Efficiency Programs Can "Realistically" Reduce Consumption
Jan 18, 2009
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Energy efficiency programs in the United States could realistically reduce the rate of growth for electricity consumption by 22% over the next two decades if key barriers can be addressed, according to a report by the Electric Power Research Institute (EPRI). The potential energy savings in 2030 would be 236 billion kilowatt hours, equivalent to the annual electricity consumption of 14 New York Cities.

The report, "Assessment of Achievable Savings Potential From Energy Efficiency and Demand Response in the U.S.," found that under an ideal set of conditions conducive to energy efficiency programs, the consumption growth rate could be further reduced to as low as 0.68% annually by 2030. However, achieving the ideal would require costly investments as well as political and regulatory support.

The report defines a realistic achievable figure that includes a forecast of likely customer behavior, taking into account existing market, societal, and attitudinal barriers as well as regulatory and program funding barriers. EPRI says the barriers could reflect customers’ resistance to doing more than the minimum required or a rejection of the attributes of the efficient technology.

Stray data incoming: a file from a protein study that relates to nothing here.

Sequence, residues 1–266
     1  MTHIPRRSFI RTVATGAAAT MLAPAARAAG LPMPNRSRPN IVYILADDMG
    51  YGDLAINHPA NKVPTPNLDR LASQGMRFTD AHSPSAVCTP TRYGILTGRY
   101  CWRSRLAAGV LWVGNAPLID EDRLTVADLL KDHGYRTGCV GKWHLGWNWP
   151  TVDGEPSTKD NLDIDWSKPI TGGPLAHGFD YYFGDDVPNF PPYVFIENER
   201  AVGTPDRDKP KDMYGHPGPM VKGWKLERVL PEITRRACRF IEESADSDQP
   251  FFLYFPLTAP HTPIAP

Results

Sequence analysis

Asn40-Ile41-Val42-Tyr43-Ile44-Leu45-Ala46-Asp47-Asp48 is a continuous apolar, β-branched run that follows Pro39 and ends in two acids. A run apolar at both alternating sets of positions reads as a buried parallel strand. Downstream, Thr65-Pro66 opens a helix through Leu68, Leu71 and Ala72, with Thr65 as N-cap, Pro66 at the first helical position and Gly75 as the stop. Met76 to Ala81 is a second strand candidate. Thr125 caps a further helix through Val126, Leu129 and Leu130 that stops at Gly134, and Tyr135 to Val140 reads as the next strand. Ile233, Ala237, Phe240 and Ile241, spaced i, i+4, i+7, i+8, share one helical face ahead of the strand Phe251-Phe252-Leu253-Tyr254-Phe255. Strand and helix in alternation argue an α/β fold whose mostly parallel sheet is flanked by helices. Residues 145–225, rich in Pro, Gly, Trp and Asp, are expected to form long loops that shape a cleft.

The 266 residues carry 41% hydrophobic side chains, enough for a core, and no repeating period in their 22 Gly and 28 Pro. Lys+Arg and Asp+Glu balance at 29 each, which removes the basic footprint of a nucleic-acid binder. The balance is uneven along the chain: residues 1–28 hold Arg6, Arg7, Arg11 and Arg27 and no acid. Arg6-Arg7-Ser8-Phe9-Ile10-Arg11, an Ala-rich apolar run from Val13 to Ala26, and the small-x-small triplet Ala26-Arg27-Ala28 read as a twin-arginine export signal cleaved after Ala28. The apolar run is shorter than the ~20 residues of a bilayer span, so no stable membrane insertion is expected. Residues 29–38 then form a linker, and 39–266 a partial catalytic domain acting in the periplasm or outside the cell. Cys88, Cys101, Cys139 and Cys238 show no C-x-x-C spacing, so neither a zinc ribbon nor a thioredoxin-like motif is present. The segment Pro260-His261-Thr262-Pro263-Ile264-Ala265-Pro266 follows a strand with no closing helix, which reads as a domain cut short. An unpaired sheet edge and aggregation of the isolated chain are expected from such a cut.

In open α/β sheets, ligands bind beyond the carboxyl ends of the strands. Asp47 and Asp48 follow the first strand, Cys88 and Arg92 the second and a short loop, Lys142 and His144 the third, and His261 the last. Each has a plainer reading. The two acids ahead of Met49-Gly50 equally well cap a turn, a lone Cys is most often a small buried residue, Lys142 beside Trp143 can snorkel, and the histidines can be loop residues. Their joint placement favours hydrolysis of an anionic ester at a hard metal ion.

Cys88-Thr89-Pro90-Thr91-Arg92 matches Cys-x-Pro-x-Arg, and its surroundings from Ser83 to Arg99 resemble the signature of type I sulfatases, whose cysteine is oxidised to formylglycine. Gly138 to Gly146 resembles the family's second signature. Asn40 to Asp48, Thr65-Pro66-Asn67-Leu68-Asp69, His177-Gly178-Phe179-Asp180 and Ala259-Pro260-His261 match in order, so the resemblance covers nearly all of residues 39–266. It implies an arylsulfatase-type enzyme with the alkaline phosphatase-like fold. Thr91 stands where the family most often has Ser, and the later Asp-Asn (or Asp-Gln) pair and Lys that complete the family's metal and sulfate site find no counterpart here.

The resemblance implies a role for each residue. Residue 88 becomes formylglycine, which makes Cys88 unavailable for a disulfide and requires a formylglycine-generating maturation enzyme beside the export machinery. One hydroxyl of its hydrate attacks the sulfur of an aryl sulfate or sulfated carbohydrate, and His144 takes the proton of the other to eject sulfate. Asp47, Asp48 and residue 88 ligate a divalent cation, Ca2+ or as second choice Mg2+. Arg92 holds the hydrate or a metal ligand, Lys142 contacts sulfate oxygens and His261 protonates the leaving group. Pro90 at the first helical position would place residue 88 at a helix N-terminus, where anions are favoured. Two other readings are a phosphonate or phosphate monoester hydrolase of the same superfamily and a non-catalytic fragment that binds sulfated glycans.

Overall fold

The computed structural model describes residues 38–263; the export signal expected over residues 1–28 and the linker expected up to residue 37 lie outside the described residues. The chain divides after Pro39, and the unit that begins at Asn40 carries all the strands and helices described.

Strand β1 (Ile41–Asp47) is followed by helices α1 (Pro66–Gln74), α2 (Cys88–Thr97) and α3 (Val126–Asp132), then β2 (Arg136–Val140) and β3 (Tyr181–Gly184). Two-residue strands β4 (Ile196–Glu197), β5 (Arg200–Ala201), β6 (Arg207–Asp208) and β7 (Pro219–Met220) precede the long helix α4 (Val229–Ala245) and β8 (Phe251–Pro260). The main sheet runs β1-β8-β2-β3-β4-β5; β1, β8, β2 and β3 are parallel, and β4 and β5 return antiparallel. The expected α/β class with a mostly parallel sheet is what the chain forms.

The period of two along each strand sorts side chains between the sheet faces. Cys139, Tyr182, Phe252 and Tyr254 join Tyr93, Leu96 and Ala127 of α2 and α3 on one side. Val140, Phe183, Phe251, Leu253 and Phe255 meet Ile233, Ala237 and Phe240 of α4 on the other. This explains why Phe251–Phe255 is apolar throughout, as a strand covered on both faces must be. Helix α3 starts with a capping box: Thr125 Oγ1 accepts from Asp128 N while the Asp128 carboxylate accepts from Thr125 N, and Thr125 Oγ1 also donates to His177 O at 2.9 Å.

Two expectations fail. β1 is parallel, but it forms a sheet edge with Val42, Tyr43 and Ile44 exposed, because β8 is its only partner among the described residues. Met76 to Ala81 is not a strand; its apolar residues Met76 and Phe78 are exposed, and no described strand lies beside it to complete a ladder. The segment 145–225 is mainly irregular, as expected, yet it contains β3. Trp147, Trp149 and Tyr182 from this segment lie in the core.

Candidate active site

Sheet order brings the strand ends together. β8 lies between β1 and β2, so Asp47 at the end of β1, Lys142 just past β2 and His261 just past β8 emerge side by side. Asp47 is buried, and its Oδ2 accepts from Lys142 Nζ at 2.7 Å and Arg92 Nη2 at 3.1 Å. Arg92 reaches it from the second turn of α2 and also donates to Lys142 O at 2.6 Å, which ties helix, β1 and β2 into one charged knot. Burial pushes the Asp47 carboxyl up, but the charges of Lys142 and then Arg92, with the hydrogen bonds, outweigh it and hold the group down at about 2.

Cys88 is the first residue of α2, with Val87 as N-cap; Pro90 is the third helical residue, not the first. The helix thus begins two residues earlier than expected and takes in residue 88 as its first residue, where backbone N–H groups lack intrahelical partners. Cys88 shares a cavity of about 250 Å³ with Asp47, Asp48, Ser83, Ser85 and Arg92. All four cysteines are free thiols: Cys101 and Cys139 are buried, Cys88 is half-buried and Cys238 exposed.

For its baseline assumptions, the EPRI study relied on EIA projections of growth in electricity consumption and peak demand for the residential, commercial and industrial sectors from its 2008 Annual Energy Outlook. For more information, visit www.epri.com.

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